The railways have long passed the point where simple exhortation to ‘get their act together’ will have any effect on solving the deeply ingrained problems of the industry. CHRISTIAN WOLMAR urges the new Transport Secretary to get off the fence and sanction the fundamental restructuring that even conservative commentators are now advocating.
There seem to be two parallel universes as far as the future rail industry is concerned. In one, inhabited by assorted civil servants, Tom Winsor, the Rail Regulator, and some rail industry executives (but especially George Muir of the Association of Train Operating Companies), and ruled by Stephen Byers, the new Transport Secretary, the basics of the industry are essentially all right. All that is needed are a few injunctions to rail companies to ‘up their game’ or ‘deliver better’.
In the other, inhabited by most commentators (including myself) analysts and academics, many rail executives (but only in the privacy of their own offices) and a few cannier politicians (again usually only ‘off the record’), there is complete acceptance that the existing structure cannot deliver a better, cheaper and more efficient railway.
I call these universes rather than merely camps because it is as if the two groups are, indeed, in different worlds. This is well demonstrated by the statement issued by Stephen Byers as the new instructions for the Strategic Rail Authority. It sets the context by justifying the privatisation of the railways, though it accepts there are ‘flaws’ in the structure, and then tinkers about with the system by requiring the SRA to produce more detailed plans and to tighten up its control of the franchisees through a “much clearer and focused approach to franchising”. He was, justifiably, taken apart by Hugo Young of The Guardian for uttering similar platitudes on Frost.
Young wrote cuttingly: “Throughout the piece, Byers sat in perfect comfort, oblivious to the embarrassment he deserved to feel, no doubt thinking he was doing well, shameless in his refusal to engage with a single policy question, unaware that he epitomised the worst of everything about New Labour: patronising, secretive, indecisive, terrified of breaking with the party line – a line whose commonest ingredient is that nothing should be said.”
The publication was accompanied by one of those dire homilies which we have been so used to hearing from ministers and regulators, saying it was “the time has come for the industry to get its act together.” He added that “the industry has to do better and everyone has to work together to deliver the Government’s ten-year plan.” Banging on about the ten-year plan neatly encapsulates much of what is wrong with New Labour, too. Its tones echo those of Soviet Russia when the implication was always that a workers’ paradise would become a reality by completing the next five-year plan.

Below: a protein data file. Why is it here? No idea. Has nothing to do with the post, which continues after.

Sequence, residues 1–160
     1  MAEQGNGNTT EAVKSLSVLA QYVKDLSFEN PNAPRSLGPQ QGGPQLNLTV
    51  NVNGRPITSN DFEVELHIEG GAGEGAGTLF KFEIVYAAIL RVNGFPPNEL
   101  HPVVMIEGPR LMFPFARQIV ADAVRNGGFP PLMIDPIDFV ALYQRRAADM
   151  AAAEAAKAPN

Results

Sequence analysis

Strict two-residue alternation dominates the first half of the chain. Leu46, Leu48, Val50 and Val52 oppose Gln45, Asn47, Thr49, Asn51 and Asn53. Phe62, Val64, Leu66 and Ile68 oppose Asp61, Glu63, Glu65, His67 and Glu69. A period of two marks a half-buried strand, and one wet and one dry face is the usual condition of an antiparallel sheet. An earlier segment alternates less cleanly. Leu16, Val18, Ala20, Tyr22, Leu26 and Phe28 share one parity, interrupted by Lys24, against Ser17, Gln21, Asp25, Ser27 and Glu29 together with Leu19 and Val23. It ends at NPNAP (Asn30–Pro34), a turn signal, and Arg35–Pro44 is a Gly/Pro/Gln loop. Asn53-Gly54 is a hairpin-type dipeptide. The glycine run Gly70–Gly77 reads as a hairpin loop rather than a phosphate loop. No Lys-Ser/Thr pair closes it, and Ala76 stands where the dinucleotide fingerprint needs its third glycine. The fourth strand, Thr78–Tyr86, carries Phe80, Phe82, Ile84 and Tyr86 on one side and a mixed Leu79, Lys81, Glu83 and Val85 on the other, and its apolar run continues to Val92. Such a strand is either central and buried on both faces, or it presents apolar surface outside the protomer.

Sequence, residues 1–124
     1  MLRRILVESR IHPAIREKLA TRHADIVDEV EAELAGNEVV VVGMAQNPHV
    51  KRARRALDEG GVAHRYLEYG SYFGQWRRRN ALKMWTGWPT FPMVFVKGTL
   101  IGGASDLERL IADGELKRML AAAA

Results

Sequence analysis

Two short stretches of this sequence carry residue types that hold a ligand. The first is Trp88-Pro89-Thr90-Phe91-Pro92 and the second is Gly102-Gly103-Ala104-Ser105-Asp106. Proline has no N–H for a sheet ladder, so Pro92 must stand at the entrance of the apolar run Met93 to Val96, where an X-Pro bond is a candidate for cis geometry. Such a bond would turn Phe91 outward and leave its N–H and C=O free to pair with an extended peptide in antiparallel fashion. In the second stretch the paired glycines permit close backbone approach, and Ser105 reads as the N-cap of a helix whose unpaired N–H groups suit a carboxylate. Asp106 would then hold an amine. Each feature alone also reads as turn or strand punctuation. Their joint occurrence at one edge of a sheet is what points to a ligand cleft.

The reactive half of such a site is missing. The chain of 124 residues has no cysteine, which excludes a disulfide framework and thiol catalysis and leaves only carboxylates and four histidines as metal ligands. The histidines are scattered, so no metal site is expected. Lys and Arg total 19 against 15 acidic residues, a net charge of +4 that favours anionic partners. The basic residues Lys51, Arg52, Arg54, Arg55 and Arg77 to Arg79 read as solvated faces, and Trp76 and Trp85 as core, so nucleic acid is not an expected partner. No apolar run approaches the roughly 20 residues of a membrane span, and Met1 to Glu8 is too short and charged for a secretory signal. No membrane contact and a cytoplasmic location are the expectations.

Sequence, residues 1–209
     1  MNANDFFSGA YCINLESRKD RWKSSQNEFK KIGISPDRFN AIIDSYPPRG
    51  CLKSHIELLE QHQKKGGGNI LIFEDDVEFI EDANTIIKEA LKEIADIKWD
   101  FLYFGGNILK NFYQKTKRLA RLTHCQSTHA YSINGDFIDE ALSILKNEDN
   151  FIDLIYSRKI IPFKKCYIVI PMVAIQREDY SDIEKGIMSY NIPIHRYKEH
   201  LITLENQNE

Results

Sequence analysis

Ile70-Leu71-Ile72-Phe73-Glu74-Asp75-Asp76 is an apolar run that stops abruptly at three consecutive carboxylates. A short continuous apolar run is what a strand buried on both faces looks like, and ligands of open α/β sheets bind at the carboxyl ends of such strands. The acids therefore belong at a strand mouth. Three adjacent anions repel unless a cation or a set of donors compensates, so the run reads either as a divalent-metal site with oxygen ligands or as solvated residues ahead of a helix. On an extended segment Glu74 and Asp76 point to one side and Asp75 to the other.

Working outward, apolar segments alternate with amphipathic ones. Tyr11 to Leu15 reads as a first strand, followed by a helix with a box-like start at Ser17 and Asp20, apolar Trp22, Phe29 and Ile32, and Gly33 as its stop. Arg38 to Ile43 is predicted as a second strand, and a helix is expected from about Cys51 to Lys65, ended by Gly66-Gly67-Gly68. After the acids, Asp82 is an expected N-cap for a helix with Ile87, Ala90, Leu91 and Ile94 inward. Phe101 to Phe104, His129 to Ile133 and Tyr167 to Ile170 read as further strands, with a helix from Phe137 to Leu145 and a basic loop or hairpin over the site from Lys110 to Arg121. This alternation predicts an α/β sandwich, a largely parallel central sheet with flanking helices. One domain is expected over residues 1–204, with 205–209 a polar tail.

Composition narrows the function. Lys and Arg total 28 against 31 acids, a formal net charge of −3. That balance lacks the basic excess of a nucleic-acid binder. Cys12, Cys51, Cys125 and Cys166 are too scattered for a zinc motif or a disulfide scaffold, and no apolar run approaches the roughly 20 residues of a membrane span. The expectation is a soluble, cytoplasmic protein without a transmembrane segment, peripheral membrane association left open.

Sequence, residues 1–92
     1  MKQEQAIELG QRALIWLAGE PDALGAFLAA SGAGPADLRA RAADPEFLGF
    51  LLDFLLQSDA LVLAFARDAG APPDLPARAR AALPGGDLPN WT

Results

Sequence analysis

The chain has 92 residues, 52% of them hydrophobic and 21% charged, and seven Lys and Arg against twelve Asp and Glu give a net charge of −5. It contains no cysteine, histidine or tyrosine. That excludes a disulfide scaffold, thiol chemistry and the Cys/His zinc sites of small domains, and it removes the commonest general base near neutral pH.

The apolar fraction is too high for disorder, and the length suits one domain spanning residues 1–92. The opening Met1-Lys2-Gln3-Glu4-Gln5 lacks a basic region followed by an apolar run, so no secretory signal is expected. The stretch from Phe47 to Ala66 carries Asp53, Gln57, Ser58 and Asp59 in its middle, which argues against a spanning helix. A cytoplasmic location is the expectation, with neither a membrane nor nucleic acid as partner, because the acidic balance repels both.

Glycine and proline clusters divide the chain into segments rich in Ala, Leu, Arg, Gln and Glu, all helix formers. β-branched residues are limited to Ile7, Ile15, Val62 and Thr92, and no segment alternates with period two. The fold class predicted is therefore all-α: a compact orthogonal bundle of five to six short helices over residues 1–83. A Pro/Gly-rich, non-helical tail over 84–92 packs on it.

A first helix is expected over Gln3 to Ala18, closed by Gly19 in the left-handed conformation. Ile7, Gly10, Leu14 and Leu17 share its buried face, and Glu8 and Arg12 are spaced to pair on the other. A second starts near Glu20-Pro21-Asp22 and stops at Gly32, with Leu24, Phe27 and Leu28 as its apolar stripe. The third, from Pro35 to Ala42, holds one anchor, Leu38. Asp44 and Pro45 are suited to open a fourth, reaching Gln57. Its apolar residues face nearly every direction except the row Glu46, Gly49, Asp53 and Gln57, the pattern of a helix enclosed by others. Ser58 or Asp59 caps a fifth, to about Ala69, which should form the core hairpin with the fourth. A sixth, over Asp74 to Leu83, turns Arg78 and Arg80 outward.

This is scary stuff because it is so ostrich-like. As one SRA insider described it to me, this is all ‘frenzied inactivity’. Two issues ago (RAIL 411), I wrote a mock draft memo from the Permanent Secretary of the Department of Local Government, Transport, and the Regions, Sir Richard Mottram, to Mr Byers suggesting there were two ways to deal with the railways: ‘do nothing’ and hope for the best, or look at possible new structures and work towards a reorganisation. I was then rung a week later by a contact who had just had lunch with Sir Richard, and he told me: “I came back to read your memo and the ‘do nothing’ option was exactly what Sir Richard suggested. They just want to sit it out.”
Well, Mr Byers, let’s be realistic here and go into the other – real – universe. You can tell the rail companies to get their act together until you are blue in the face, but it will not achieve anything. The problems of the railways cannot be resolved by exhortations and crossing your fingers.
The immediate problem is that both Railtrack and the SRA are broke. Railtrack cannot possibly deliver its part of the ten-year plan, which means there is what Sir Alastair Morton, the now outgoing Chairman of the SRA, describes as an £8bn hole in the plan. But worse, Railtrack is simply not in a position to embark on any new projects. It is a broken heart at the centre of the rail network and leaving it there, without major surgery, is an act which should attract the attention of the National Association for the Prevention of Cruelty to Companies.
Railtrack’s plight is quite possibly worse than has been realised. A senior local authority councillor recently contacted me with the information that a fifth of the 27 highway bridges over the railway in his area are in such a poor condition they cannot carry any extra loads and have had to be partially or completely shut. The bill to repair them, which is down to Railtrack, is £10m. There are 5,099 such bridges in the country and local authorities are having to check them as a result of new procedures. Once this becomes more widely known, he reckons Railtrack’s share price could go negative.